Trooper Zenor had probable cause to search the truck. The truck was towing a trailer for which Vore did not provide registration information, that lacked a visible license plate, and that had been reported stolen. The trailer, moreover, contained a license plate registered to another trailer that had been reported stolen. Furthermore, the truck and the trailer had just left a residence where the police suspected the presence of stolen trailers—a fact known to Trooper Zenor at the time of the search. In light of these facts and considering the totality of the circumstances, Trooper Zenor had probable cause to search the truck. Based upon the truck's nexus to both Vore and the trailers, there was a fair probability that the truck contained evidence related to the ownership status and the theft of the trailers. Accordingly, pursuant to the automobile exception, Trooper Zenor did not need a warrant to search the truck. Wells, 347 F.3d at 287. This probable cause allowed Trooper Zenor to search inside the metal work booklet and inside the truck's console as well, both of which could have contained information related to the ownership status and the theft of the trailers. See United States v. Ross, 456 U.S. 798, 825, 102 S.Ct. 2157, 72 L.Ed.2d 572 (1982) (“If probable cause justifies the search of a lawfully stopped vehicle, it justifies the search of every part of the vehicle and its contents that may conceal the object of the search.”). We therefore affirm the denial of Vore's motion to suppress.
B. Sufficiency of the Evidence
Vore next argues that the district court erred by denying his motion for judgment of acquittal because the Government did not present sufficient evidence for a reasonable jury to convict him. We review de novo a district court's denial of a motion for judgment of acquittal, viewing the evidence in the light most favorable to the verdict and drawing all reasonable inferences in its favor. United States v. Serrano–Lopez, 366 F.3d 628, 634 (8th Cir.2004). “ ‘This standard is quite strict’ and the court will not disturb the conviction unless ‘no reasonable jury could have found the defendant guilty beyond a reasonable doubt.’ “ United States v. Wright, 739 F.3d 1160, 1167 (8th Cir.2014) (quoting Serrano–Lopez, 366 F.3d at 634) (internal citation omitted).
To convict Vore, the Government had to prove beyond a reasonable doubt that Vore knowingly possessed the methamphetamine in the truck with the intent to distribute it. See United States v. Timlick, 481 F.3d 1080, 1082 (8th Cir.2007) (discussing 21 U.S.C. § 841(a)(1)). Vore first argues that the Government did not present sufficient evidence for a reasonable jury to conclude that he knowingly possessed the methamphetamine. Knowing possession can be either actual or constructive. Serrano–Lopez, 366 F.3d at 634. To prove constructive possession, the Government must establish that Vore had “knowledge and ownership, dominion, or control over the contraband itself, or dominion over the vehicle in which the contraband is concealed.” Timlick, 481 F.3d at 1083 (quoting United States v. Johnson, 470 F.3d 1234, 1238 (8th Cir.2006)).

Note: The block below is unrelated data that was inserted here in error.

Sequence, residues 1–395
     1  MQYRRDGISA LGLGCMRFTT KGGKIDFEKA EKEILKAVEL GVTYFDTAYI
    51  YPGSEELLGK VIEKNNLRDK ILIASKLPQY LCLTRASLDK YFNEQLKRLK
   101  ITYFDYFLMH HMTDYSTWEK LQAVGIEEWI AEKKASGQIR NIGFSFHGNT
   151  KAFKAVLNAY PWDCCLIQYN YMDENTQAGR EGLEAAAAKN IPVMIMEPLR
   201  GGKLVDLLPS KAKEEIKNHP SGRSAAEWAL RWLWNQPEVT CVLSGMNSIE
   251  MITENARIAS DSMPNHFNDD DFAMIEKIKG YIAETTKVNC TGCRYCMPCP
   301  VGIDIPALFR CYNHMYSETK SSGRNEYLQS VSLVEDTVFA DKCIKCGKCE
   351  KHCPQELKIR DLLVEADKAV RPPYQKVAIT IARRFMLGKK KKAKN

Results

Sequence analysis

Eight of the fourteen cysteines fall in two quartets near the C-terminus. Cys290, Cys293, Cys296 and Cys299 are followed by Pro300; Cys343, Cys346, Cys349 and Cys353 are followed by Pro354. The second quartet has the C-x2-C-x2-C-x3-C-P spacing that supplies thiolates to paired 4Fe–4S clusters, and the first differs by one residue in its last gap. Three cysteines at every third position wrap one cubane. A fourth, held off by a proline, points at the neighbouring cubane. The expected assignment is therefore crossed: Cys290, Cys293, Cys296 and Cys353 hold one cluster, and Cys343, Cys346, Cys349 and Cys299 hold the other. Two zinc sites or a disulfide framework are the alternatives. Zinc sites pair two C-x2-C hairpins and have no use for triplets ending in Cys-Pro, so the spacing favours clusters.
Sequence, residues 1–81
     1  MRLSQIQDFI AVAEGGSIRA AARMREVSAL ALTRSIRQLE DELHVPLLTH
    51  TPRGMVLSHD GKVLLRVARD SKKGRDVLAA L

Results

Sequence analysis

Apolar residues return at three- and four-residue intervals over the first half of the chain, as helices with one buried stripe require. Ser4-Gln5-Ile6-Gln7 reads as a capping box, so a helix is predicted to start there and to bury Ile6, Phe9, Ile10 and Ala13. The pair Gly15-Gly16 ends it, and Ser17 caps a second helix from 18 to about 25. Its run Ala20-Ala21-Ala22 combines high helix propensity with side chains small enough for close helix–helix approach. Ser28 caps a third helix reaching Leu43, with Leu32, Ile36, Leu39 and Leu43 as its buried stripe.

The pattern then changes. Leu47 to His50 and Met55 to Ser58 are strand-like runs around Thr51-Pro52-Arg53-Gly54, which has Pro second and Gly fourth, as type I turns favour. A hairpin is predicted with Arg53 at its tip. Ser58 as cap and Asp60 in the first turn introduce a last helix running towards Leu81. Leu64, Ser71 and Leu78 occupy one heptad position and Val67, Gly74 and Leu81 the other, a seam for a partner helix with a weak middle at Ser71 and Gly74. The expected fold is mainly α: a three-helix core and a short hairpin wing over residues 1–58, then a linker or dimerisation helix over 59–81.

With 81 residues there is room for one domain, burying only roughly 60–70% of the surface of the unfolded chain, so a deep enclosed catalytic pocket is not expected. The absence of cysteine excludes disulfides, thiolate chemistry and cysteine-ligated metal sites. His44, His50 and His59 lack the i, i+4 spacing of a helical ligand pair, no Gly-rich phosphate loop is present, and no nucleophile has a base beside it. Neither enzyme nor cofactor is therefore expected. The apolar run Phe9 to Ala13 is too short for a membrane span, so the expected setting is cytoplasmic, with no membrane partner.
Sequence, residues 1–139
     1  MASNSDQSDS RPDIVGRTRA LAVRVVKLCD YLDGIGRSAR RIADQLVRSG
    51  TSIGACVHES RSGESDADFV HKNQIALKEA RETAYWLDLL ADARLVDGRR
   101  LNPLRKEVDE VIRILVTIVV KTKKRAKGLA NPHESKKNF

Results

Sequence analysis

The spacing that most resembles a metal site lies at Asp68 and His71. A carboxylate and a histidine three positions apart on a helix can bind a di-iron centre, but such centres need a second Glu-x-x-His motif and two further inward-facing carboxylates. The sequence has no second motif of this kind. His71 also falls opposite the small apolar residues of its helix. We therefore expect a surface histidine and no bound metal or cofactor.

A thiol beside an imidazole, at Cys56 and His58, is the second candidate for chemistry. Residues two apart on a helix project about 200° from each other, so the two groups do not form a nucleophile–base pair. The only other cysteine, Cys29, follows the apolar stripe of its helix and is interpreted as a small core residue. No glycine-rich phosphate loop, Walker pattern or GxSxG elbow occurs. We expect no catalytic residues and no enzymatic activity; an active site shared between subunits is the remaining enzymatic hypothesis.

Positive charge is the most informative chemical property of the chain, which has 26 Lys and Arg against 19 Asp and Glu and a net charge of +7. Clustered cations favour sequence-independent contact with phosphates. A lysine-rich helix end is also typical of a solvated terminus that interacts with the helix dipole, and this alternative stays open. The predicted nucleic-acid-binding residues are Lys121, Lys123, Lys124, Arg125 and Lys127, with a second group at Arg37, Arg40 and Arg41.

The Government presented ample evidence to permit a reasonable jury to find beyond a reasonable doubt that Vore knowingly possessed the methamphetamine in the truck. To begin with, Green testified that Vore admitted that he intended to sell and to use the methamphetamine in the truck. Although Green testified that he hoped that the Government would recommend a reduction in his sentence based upon his testimony, a reasonable jury could rely upon his testimony to infer knowing possession of the methamphetamine in the truck. See United States v. Baker, 367 F.3d 790, 798 (8th Cir.2004) (“The fact that [a] witness[ ] testified in exchange for the possibility of [a] reduced sentence [ ] does not categorically make [his] testimony infirm or require that [his] testimony be corroborated in order to support a conviction.”). Moreover, Vore was the driver and the sole occupant of the truck where the methamphetamine was found. See, e.g., United States v. Chatmon, ––– F.3d ––––, No. 13–1239, slip op. at 4 (8th Cir. Feb. 5, 2014) (finding constructive possession where defendant was the driver and sole occupant of a vehicle); United States v. Tindall, 455 F.3d 885, 887 (8th Cir.2006) (same). Still further indicia of control and dominion are provided by Vore's possession of an insurance card for the truck, issued more than four months earlier, as well as the presence of Vore's medication in the truck's console, where Trooper Zenor found some of the methamphetamine. From this evidence, a reasonable jury could conclude that Vore knowingly possessed the methamphetamine in the truck.